For many, the phrase "canned fish" likely invokes an unpleasant childhood memory: grayish pink globs of tuna tossed with too much mayo and oppressively large chunks of celery. I happen to like tuna salad (even tuna casserole!), but if my association with canned fish began and ended with tuna fish sandwiches, I probably wouldn't be as enthusiastic as I am about this category of food.
While quarantined at home, we're all turning to our pantries and cabinets (who has a pantry? I certainly don't ...) for cooking inspiration, where every day is a not very exhilarating episode of "Chopped": What can I throw together with broccoli, stale bread and rigatoni? For me, the ingredient that usually ties all the other ingredients together is tinned fish — usually anchovies, sometimes sardines. It enhances all other flavors by dropping a much-needed umami bomb on them. That boring broccoli-pasta bake becomes a savory sensation when topped with anchovy-laced bread crumbs.
But when I post my creations on social media, many reactions are less than positive. Of course, I have followers who also extol the virtues of tinned fish, but they're in the minority. I receive DMs asking me how they can make the dish I posted without anchovies. (I usually answer: "With fish sauce!")
Canned fish — which happens to be packed with those much-coveted omega-3 fatty acids! — just isn't very popular in the U.S. Even tuna is drowning. The U.S. Department of Agriculture reported in 2016 that tinned-tuna sales had fallen 42% over the previous three decades.
I mean, I get it: fish from a tin can be intensely briny and slimy. Pop one in your mouth and it's an explosion of the ocean. But that's also why it's so good; a little goes such a long way. "Think of Caesar salad!" I too-often say.
While the U.S. might not give canned fish the recognition it deserves, many other countries understand the possibilities that are unleashed when you peel back a tin. In Spain and Portugal especially, tinned fish — aka conservas — is a way of life. And a luxurious life, at that: Walk into a wine bar and you'll be met with a few varieties — mussels! sardines! octopus! — to pair with your glass. Canned anchovies are a staple in Italian cooking — think of puttanesca, a tomato-based sauce that features anchovies, olives and capers, or bagna càuda, an anchovy-infused dipping sauce typically paired with raw or cooked vegetables.
And it's not just Europe: Asia is a canned-seafood mecca. In Japan, you can find miso-marinated mackerel served simply over a bowl of rice or onigiri (rice balls) filled with canned salmon. In China, canned fried dace with salted black beans is an iconic food, and in Korea, gochujang-infused tuna with potatoes is a popular one.
Korean-American chef David Chang recently showcased a canned spicy tuna on his Instagram, calling it "outrageously good." In the caption, he wrote, "Canned and tinned food is beloved in Europe and Asia but not so much America. I hope that changes...canned: mussels, clams, octopus, perilla leaves and even kimchi can all be tasty preserved goodness. Great way to taste flavors from around the world in times like these. This is one of my favorites."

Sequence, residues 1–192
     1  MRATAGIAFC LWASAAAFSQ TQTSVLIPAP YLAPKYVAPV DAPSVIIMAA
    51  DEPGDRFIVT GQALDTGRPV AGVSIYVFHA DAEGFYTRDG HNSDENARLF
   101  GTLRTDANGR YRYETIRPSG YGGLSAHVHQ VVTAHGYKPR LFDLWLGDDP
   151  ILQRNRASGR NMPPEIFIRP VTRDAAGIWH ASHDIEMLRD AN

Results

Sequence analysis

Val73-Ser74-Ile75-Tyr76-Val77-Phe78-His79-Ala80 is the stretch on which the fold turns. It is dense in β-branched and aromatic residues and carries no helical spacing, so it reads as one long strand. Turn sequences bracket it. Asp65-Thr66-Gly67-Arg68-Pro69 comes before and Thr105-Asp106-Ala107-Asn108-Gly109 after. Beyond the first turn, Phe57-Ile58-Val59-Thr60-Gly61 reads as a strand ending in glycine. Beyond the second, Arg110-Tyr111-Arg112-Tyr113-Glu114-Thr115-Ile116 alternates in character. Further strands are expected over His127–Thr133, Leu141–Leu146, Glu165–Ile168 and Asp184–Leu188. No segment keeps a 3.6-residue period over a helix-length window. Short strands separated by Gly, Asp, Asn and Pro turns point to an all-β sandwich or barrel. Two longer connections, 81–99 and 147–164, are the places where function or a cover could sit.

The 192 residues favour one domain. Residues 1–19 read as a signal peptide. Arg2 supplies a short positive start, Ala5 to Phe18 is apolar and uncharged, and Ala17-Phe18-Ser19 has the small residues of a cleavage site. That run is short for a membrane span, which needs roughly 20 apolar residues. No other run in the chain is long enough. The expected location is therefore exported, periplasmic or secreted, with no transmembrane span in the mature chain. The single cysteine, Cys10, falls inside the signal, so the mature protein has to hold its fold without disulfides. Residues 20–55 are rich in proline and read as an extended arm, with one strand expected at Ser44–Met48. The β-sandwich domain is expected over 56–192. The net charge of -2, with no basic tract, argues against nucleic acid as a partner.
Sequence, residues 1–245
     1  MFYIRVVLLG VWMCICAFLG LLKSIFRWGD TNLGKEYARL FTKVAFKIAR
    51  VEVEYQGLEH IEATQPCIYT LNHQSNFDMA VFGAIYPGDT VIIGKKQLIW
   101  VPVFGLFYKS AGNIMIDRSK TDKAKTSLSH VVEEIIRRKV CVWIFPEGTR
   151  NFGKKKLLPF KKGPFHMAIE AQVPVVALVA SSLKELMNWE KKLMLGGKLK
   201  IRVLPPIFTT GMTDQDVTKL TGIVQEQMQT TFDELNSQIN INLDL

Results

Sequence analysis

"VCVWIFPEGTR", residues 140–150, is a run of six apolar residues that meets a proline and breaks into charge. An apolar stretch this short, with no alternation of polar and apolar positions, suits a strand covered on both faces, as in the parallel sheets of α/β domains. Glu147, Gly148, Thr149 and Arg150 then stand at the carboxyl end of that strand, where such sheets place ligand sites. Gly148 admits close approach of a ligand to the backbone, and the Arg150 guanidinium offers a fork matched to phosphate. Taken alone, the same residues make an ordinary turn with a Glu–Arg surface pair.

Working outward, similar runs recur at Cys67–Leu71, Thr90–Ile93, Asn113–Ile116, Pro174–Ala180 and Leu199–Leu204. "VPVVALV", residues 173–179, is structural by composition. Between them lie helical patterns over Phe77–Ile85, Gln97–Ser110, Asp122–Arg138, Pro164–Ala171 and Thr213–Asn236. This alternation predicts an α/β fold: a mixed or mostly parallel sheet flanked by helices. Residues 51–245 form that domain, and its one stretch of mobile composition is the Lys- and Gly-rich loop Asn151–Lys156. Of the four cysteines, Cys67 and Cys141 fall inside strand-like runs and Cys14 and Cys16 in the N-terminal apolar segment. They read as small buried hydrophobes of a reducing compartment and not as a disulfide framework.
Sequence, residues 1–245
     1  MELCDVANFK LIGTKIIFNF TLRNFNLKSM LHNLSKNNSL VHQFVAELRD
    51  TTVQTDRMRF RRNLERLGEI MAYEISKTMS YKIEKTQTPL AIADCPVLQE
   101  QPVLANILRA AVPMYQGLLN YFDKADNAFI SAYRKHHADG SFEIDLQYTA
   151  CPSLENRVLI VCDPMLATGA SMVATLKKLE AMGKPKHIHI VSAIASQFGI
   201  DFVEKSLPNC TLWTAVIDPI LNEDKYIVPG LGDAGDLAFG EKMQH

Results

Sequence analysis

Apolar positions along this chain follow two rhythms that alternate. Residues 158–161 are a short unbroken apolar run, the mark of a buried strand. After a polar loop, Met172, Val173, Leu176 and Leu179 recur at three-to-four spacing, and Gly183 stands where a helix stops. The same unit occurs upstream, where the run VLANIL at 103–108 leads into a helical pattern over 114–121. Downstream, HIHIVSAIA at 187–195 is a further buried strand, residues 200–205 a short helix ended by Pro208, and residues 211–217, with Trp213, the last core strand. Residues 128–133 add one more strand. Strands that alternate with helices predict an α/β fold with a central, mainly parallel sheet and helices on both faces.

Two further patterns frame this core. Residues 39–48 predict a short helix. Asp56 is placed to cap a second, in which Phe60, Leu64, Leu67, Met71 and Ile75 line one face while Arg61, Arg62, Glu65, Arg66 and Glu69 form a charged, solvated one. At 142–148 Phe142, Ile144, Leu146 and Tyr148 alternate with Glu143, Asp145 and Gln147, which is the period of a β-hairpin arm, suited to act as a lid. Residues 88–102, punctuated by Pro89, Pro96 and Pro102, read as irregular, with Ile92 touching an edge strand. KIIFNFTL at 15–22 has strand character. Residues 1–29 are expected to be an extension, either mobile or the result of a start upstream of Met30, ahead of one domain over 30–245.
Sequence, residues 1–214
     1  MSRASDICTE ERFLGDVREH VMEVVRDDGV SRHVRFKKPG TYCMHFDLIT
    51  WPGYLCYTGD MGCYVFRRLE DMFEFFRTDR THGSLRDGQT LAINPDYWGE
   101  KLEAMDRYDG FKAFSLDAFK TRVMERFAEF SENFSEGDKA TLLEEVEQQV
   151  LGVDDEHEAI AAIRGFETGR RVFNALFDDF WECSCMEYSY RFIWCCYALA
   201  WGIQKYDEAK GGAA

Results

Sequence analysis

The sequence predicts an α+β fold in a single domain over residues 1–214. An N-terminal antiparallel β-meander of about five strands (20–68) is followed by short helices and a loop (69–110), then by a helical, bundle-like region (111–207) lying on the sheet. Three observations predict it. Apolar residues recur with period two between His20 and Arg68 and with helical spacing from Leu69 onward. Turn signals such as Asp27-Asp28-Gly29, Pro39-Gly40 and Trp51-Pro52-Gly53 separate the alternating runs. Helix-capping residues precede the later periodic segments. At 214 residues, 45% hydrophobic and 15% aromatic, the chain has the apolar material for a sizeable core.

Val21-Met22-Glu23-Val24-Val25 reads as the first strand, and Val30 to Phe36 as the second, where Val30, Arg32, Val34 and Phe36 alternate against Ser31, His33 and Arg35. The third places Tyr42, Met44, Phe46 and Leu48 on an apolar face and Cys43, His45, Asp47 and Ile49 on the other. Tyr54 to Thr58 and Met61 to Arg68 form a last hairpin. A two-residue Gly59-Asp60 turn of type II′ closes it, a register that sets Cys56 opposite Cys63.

I love to eat these salty snacks straight out of the can, but I understand that may be an intimidating idea to many. Tinned fish never deserves to be masked by other ingredients, but it can be used in softer, more subtle ways to augment other flavors.
Beyond the aforementioned Caesar salad, you can use anchovies to add depth of flavor to any pasta dish from something as light and simple as aglio e olio to something as hefty and complex as Bolognese — just heat up some olive oil in a pan and add in what I like to think of as the trifecta of taste: minced garlic, minced anchovies and crushed red pepper, and then continue on with the rest of the recipe. The same goes for sautéed vegetables. Add these tiny, briny fish (I like the brands Ortiz and Cento) to your burger blend or steak marinade (FYI Worcestershire has anchovies in it), blend them into pesto, chimichurri or butter, or, if you're feeling bold, plop them right atop your toast. I can't think of a food that wouldn't benefit from the use of anchovies (other than dessert — but hey, I'm open to ideas.)
Unlike the anchovy, the meatier sardine doesn't disintegrate and disappear from sight when cooked. Like tinned tuna, salmon, trout and mackerel, it's much more of a main ingredient than a supporting actor. Flake these fishes on toast (I like to pair them with creamy ricotta and pickled onions) or in a sandwich (a banh mi, perhaps), into pasta, atop salad (like a niçoise) or over rice for a Japanese-style breakfast.
My favorite canned sardines come from Roland, Bela (especially the piri-piri version!) and Porthos. Bela and Porthos also make great tinned mackerel. And as far as canned salmon goes, I am partial to Patagonia Provisions.
Canned mussels (I like the brand Ramón Peña) are commonly preserved in an escabeche sauce of olive oil, vinegar paprika and other spices, making them less fishy and more smoky. This makes them good for serving simply on crusty bread, over thinly sliced, roasted potatoes or, again, mixed into pasta.
As we all know, canned tuna has plenty of uses worth celebrating — from salads to casseroles — but perhaps its most important use is as a gateway to the wonderful world of canned seafood. While many of us are at home trying to find new ways to add a little excitement to the same meals, consider turning to the humble-but-mighty tin.